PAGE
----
Efforts are currently underway to develop grapefruit and grapefruit juice that is free of furanocoumarins, however, would it not make more sense for doctors to just reduce the amount of the drug they prescribe for their patients who eat grapefruit?

Grapefruit is a healthy addition to almost any diet. They are rich in phytonutrients and antioxidants such as vitamin C and lycopene (in pink and red grapefruit). These compounds boost the immune system and have been shown to reduce the risk of cancer. Eating grapefruit regularly can also keep you from getting kidney stones and can lower cholesterol.

There are many benefits to eating grapefruit, so if you are taking prescription drugs speak with your doctor about any possible interaction, and if there is one, ask if your dose can be reduced so you can continue to enjoy the health benefits that grapefruit provides.





Laurel Avery

Laurel Avery, DiHom, became interested in natural health and the positive effects of healthy eating after moving to Europe from her native New York. After visiting a series of conventional doctors for a minor but nagging medical complaint, all of whom had no success or interest in finding the cause of the problem, she turned to alternative medicine. It was after a major change in eating habits from consuming the typical American diet to one involving whole, nutritious foods, as are commonly eaten in Europe, along with homeopathy and herbal remedies, that the problem was cured. She now devotes her time to helping others learn how to achieve vibrant health through their diet. Circle Laurel on Google+!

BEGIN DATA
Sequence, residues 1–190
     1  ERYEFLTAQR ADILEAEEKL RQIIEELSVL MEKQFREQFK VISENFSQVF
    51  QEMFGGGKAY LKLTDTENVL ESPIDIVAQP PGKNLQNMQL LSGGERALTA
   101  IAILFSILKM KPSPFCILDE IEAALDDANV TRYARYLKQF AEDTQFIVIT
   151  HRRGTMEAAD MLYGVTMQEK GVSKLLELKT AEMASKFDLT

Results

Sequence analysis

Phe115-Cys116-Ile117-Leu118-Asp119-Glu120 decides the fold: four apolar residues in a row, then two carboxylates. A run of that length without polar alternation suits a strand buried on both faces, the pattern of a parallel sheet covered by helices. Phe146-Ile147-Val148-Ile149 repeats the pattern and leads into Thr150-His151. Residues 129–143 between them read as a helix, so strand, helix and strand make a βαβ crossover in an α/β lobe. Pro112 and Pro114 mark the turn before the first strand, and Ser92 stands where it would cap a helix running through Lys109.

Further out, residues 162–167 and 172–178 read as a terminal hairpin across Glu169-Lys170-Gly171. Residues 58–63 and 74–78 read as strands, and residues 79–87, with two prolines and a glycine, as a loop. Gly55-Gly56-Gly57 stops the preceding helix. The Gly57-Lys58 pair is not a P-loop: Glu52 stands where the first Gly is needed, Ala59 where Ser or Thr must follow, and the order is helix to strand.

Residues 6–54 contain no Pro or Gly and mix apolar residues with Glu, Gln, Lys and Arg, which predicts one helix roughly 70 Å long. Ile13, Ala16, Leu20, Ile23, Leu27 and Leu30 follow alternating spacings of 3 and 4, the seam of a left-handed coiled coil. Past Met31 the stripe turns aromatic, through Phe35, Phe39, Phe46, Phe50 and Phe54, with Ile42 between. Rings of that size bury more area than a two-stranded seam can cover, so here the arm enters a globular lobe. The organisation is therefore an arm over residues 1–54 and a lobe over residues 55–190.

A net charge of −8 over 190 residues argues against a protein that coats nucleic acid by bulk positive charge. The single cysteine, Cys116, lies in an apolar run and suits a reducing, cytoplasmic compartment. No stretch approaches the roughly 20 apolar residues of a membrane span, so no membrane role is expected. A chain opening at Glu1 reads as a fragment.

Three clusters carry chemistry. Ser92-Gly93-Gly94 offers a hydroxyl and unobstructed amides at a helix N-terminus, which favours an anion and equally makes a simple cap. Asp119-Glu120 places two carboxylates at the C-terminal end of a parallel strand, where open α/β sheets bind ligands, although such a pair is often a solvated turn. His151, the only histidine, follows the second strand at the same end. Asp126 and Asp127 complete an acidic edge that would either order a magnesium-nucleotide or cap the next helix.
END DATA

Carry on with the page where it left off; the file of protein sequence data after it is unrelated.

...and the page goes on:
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  • Comment #1 (Posted by Tom)
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    The examples given for grapefruits are not helpful. ill one grapefruit, produce 200 ml of grapefruit juice?

    Do they mean eating a lemon or a lime? Do they mean drinking lemon or lime juice?

    For example, would there be a problem with squeezing lemon juice from a lemon slice on fish?